Tuesday, March 25, 2008

"Not much to do with faith?"

I want to write something about Barack Obama and Jeremiah Wright. I wanted to try hunkering down to deal with the really difficult stuff involved with what's been happening. But until I truly set aside time to do that, I figured I could at least deal with some of the shooting-fish-in-a-barrel stuff.

Here's an excerpt from an article that recently appeared in the Wall Street Journal:

Much has been said, in an effort to excuse the toxic content of Pastor Wright's sermons, about the ways in which his speeches are part of the "black tradition." But most black churches are Baptist, Methodist or independent. They have religious doctrines with a long history. Trinity, on the other hand, belongs to the United Church of Christ, a mostly white denomination defined almost entirely by its social-justice agenda.

This is how the Rev. John H. Thomas, the UCC's (white) general minister and president, recently defended Pastor Wright: "Many of us would prefer to avoid the stark and startling language Pastor Wright used in these clips. But what was his real crime? He is condemned for using a mild 'obscenity' in reference to the United States. This week we mark the fifth anniversary of the war in Iraq, a war conceived in deception and prosecuted in foolish arrogance. Nearly 4,000 cherished Americans have been killed, countless more wounded, and tens of thousands of Iraqis slaughtered. Where is the real obscenity here?" It's easy to see Mr. Obama's attraction to the UCC, and it doesn't have much to do with faith.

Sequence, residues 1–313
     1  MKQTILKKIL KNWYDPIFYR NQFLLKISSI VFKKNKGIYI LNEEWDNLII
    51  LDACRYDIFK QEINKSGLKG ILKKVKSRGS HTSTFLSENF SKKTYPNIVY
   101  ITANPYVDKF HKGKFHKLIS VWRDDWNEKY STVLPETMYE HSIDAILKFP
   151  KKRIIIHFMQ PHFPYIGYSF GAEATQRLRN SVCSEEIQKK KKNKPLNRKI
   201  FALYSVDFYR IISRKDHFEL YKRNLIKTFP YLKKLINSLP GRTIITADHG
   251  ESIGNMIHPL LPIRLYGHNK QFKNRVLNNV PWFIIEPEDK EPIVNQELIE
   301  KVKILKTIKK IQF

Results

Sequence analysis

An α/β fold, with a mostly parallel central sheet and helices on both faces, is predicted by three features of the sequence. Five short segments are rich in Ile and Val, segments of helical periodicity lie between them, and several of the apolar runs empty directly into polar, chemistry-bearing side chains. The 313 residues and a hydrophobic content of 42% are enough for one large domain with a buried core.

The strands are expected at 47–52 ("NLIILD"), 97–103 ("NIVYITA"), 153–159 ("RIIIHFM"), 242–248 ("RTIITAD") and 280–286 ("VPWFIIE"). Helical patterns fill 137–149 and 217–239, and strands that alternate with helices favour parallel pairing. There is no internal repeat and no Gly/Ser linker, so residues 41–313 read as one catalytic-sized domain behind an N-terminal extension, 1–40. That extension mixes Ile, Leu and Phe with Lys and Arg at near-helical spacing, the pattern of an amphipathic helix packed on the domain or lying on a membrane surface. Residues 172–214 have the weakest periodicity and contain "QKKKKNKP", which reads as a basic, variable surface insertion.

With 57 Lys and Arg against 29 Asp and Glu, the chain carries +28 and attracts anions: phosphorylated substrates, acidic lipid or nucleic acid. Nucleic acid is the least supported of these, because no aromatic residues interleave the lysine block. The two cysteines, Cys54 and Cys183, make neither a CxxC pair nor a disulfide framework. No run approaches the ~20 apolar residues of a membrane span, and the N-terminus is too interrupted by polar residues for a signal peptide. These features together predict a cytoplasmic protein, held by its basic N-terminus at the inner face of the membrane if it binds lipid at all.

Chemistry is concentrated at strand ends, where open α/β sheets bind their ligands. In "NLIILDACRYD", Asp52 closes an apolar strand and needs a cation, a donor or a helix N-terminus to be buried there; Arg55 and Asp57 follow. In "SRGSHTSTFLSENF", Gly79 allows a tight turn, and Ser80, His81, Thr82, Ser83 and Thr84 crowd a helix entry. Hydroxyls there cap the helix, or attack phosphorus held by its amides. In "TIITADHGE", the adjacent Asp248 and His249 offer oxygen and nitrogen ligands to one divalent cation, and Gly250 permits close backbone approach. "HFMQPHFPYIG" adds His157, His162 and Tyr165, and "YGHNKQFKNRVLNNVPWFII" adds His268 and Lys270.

This little nugget can be found discussed both at UCCTruths and Street Prophets, with highly different reactions...ahem.

Anyway, didn't the WSJ used to be a highly respected, high-quality newspaper? This opinion is from one of their "Taste" writers. Aside from that, the entire article smacks of giddiness over finally being able to talk about how Obama is black. That is made no clearer than in the quote above.